Monday, July 25, 2011

Are You a Giver or a Taker?

[Ed.’s Note: I’m going to only go with three posts this week—Monday, Wednesday, and Thursday.  I have an exciting new idea for the Tuesday post, but, quite frankly, not enough time to implement it for tomorrow, so hopefully by next Tuesday you’ll be able to see what comes of it.  Enjoy! –D.J.]

I like to boil things down to absolutes on this site.  In that way, it mirrors life quite nicely.  Everything is either good or evil, black or white, with us, or against us.

All kidding aside, there is one area that is actually pretty “zero-sum.”

Are you a net giver?

Or are you a net taker?

Givers think of other people before themselves.  They try to give more to society than they take from it.  Givers are the types of people that bring far more beer to parties than they intend on using, and that are there to bail out their buddies in a pinch.  Givers clean up after themselves, and value not only their own stuff, but that of other people.  But perhaps most importantly, givers help friends and family through tough times with prudent, well-thought-out advice.  Basically, givers want to leave a situation better-off than they entered it. 

Unfortunately, America seems to be on a course toward a society with more takers.  Takers are shitty houseguests that come over, eat all of your shit, and leave.  Oh, they maybe bring a sixer over every now and then, but if they do so, they act like they’ve given you a million dollars, and will loudly proclaim that “they just brought beer over!” for the next month.  Takers are like the aliens in Independence Day, moving from planet-to-planet, strip-mining each stop for all of the resources they can fit in their ships before moving on.  Takers always ask, to quote The Departed, ”What can I use ya’ for?”, using friendship as a springboard to get something out of you that they need, be it business or “borrowing” a lawnmower, or something else entirely.

I’ve always tried to live my life as a giver, though I’m sure I’m oblivious to the ways in which I can be a taker at times.  I suppose the question then becomes “how can I ensure that I’m a net giver as opposed to a taker?”  I think it comes down to several small things.

First, live by the Golden Rule.  I’m not a religious man, but this simple saying transcends religion, an easy phrase that embodies the concept of empathy.  “Do unto others as you would want to be treated.”  It’s not that tough—just do it.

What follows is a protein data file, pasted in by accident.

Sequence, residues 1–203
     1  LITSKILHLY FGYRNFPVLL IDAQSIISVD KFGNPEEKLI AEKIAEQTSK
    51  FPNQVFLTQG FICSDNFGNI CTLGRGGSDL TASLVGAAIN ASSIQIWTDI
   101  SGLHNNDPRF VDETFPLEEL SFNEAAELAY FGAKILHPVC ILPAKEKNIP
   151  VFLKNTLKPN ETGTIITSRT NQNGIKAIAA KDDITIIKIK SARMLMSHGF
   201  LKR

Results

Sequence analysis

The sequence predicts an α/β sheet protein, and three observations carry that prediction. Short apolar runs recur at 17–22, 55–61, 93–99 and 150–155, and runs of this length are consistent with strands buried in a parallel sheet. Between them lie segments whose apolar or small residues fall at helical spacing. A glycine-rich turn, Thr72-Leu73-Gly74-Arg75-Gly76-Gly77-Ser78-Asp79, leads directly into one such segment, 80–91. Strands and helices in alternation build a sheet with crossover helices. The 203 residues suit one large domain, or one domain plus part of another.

Second, get used to offering things without expecting anything in return.  This is an incredibly foreign concept to a lot of people, but it’s absolutely one that people in America need to get used to.  Are you that guy’s friend because you’re trying to get business from his company, or because you legitimately enjoy his friendship?  Do you bring over food to a party because it’s expected, or because it’s “the right thing to do?”  Stop making a tally of all of the times you’ve done things for others and let go of the “you owe me” mentality.  There’s also a difference between not expecting anything in return and becoming a doormat.  The first is done out of generosity, the second, out of fear.

Finally, go above and beyond the call of duty.  Find ways to provide more value in your current position than you are tasked with doing.  If you find yourself in a position where you don’t regularly find yourself doing so, or have tried to do so only to be met with resistance, it may be time to find a new position.  But more generally, get a little bit more food for a party than you actually think you need.  If someone asks you for a favor, don’t just half-ass it, but think what they might want a step or two down the line.  Really put your all into everything that you do, and you’ll end up contributing more to your friends, family, and society than you take away, and you’ll find that generosity and helping others will get you far more goodwill than the alternative.

D.J. Gelner is a writer and entrepreneur in St. Louis, Missouri. You can e-mail him at Follow him on twitter @djgelner. Friend him on facebook here.

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